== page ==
The next item dashed all the Chair’s hopes of brevity. The whole subject was like listening to someone being disqualified after winning a beauty contest. Laura MacArthur Elementary School just received national recognition for springing up from the mucky pit of education (the lowest 5 percent in the state) to the upper 40 percent in one year, but now the school (and the Board) found itself fending off criticism. Did the school just teach to the test in a couple of subjects, making the terrific one-year results a little less applause-worthy? The incident also revealed that much of the Duluth district’s curriculum did not meet state benchmarks, a small detail that had “dropped off the plate,” according to the superintendent. The Board was considering a plan to fast-track aligning all district curriculum with state standards, but there were a few other issues ruffling Members’ feathers. Member Johnston groused that the Board had been kept largely in the dark about the whole issue. “I am getting a little concerned hearing about the Duluth school district in the newspaper, rather than from Administration… I’m asking that we, as a Board, share some of that responsibility.” Member Seliga-Punkyo outdid this airing of aggrieved concern with a tongue-lashing of the Board’s favorite scapegoat, the state. “For the Department of Education to fight us for not doing enough in the other subjects—but we get cited for not having good test scores—to me, it’s very hypocritical… I see no problem if some things aren’t taught as much because you were trying to get kids to read or be able to do math.”

So what if little Molly gets short-changed in science, as long as she can eventually read her rejection letter from MIT’s aeronautics program?

While snow swirled outside the sturdy walls of Old Central, Chair Miernicki moved to the next agenda item, a motion to rescind a Board resolution passed last June to have closed campus lunch periods at the two high schools. The Chair argued, “I just don’t think it’d be effective… Schools are full of doors… We’re going to spend a lot of time and a lot of money and a lot of personnel chasing these students around.” Judy Seliga-Punkyo again proved the most formidable counter-puncher in the ring. She not only discounted the estimated $200,000 price tag, she suggested an underlying conspiracy: “Someone who came up with these figures was trying to have this so we did not do a closed campus.” She asked her fellow decision-makers, “How can we keep changing our minds, over and over again?… What kind of message does this send to the community? Oh, my gosh! We’re going to do it; we’re not going to do it! I think it just makes us look really idiotic.”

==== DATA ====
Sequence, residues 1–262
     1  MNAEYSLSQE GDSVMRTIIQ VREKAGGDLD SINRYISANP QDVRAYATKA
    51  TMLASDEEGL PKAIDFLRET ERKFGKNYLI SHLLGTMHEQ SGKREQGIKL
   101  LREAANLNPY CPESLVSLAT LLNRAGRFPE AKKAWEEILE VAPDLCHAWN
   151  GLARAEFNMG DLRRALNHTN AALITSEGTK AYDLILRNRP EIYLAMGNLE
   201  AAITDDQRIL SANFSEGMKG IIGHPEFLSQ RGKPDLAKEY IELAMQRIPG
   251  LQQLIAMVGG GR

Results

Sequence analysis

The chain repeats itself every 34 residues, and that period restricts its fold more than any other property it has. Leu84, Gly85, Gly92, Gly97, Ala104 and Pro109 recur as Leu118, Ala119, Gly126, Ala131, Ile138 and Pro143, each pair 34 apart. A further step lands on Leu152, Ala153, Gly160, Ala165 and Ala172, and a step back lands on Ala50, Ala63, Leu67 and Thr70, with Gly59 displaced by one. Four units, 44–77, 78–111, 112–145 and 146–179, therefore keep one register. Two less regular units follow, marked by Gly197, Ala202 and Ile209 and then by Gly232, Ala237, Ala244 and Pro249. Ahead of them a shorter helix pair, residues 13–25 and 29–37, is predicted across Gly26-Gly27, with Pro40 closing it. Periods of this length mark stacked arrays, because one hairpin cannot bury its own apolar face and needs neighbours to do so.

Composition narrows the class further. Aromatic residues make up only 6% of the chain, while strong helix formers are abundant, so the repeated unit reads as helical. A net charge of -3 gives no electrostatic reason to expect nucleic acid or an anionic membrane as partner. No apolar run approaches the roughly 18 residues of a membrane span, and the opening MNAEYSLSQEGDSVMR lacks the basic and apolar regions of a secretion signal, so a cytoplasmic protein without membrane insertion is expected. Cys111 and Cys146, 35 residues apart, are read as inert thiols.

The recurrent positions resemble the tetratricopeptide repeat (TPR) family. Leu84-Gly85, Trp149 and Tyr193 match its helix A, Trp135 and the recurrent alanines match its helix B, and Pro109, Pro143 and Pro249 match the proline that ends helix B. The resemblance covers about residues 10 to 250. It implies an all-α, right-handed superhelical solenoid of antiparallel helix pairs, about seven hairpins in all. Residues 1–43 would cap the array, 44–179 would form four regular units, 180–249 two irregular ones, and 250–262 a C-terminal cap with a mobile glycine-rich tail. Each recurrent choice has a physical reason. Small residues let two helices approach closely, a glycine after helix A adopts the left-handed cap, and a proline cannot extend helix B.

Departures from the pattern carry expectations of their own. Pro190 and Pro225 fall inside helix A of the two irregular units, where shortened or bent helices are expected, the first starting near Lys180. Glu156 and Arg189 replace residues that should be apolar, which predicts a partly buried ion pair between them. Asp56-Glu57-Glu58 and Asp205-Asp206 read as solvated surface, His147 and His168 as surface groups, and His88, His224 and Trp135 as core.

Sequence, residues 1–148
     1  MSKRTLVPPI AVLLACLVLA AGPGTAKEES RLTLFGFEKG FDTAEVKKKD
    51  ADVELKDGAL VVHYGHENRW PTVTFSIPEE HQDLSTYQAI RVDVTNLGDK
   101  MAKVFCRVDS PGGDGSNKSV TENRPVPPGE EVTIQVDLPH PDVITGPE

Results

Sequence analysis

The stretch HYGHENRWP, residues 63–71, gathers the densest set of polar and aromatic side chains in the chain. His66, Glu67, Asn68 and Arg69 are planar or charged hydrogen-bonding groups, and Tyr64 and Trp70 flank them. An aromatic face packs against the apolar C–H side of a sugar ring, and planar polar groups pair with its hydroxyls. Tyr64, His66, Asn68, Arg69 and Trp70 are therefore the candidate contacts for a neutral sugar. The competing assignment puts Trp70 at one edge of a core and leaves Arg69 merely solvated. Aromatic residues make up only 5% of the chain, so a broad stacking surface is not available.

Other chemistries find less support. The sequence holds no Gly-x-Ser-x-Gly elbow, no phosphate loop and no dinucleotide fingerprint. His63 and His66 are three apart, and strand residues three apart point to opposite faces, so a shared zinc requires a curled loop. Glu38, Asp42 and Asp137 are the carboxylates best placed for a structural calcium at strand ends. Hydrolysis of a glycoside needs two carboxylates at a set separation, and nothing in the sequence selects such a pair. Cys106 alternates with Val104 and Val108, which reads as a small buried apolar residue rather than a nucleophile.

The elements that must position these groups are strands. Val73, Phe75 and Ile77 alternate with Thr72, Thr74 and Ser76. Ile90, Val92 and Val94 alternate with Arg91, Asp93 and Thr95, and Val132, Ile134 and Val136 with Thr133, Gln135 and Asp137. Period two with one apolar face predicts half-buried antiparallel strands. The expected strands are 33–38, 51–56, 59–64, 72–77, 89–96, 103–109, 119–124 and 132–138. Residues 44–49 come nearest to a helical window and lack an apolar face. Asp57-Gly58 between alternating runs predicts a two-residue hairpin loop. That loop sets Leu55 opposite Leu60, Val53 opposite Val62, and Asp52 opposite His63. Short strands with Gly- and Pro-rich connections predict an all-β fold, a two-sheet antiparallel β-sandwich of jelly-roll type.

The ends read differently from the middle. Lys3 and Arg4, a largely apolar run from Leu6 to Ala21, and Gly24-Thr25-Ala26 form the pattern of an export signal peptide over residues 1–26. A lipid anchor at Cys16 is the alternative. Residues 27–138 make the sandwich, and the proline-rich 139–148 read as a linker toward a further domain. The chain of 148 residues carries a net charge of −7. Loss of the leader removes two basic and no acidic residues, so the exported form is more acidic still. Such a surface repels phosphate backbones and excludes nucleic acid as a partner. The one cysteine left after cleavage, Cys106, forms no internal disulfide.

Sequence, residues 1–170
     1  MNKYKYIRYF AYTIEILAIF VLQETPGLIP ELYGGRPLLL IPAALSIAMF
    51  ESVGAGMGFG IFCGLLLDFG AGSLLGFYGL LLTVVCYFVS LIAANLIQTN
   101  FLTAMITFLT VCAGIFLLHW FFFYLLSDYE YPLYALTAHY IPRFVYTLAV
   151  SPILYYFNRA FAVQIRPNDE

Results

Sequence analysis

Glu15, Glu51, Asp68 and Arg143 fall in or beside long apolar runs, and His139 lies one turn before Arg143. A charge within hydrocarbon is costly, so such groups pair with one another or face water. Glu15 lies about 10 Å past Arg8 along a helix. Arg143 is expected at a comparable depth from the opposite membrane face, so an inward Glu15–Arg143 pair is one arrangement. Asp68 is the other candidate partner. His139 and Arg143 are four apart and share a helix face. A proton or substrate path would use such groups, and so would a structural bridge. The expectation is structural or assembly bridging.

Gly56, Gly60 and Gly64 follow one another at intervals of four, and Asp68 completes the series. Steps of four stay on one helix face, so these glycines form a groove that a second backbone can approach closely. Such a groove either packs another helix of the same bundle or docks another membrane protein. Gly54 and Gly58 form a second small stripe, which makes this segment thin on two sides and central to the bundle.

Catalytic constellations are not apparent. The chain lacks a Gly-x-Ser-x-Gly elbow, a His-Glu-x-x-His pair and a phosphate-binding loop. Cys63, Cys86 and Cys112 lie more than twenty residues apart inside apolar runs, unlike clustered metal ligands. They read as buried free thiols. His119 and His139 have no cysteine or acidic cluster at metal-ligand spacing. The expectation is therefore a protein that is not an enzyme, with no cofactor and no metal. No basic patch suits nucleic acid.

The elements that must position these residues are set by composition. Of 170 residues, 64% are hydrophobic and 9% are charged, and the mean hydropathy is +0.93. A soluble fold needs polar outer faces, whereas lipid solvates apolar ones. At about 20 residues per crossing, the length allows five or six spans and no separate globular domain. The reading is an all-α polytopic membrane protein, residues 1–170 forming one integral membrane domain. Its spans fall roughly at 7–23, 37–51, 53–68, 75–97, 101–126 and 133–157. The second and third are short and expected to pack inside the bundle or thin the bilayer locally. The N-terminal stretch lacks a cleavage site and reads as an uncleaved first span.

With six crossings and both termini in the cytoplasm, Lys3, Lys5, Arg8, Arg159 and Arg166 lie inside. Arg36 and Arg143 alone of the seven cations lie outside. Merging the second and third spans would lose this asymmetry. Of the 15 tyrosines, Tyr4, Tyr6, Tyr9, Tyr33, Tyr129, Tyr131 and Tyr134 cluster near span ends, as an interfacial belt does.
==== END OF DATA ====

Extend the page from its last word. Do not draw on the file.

“I guess I take issue with my good friend about this being idiotic; I will not take that as a personal insult,” Chair Miernicki responded, clearly taking it a bit personally that his suggestion had been so roundly trashed. Two hundred grand was eventually moved into investments, which means future Board discussions are going to be as elusive as spring in Duluth. The issue is essentially decided: campuses will be closed.

Undaunted, the Chair again led the charge in defending the next agenda item, decried by some critics as silly bureaucratic bean counting. To make up time lost due to this year’s wintry assault, the district is going to add 12 minutes to the school day, beginning March 24th. Mr. Miernicki took umbrage at this community’s persistent naysayers, who were again joyfully criticizing government decisions. “Again, they’re calling it ‘idiotic,’ a stupid thing to do.” The Chair complained that these uninformed chatterboxes didn’t “understand the parameters we’re working under. They say, ‘Just have school on Saturdays!’ Well, there’s a teachers’ contract! I’m going to go up to teachers and say, ‘You’re working on Saturdays!’ And they’re going to say, ‘No, I’m not!’ And I’m going to say, ‘Work, or I’ll beat you!’” The Chair accurately informed us, “You just can’t do that.”

“I was a teacher,” the Chair continued. “Boy! You give me an extra three or four minutes in this or that class, I’m happy!”

Who knows? Maybe a few extra minutes spent nurturing a young, impressionable mind will somehow change the course of history. Then again, maybe it’ll just preserve a few extra vacation days on the golf course for tenured teachers.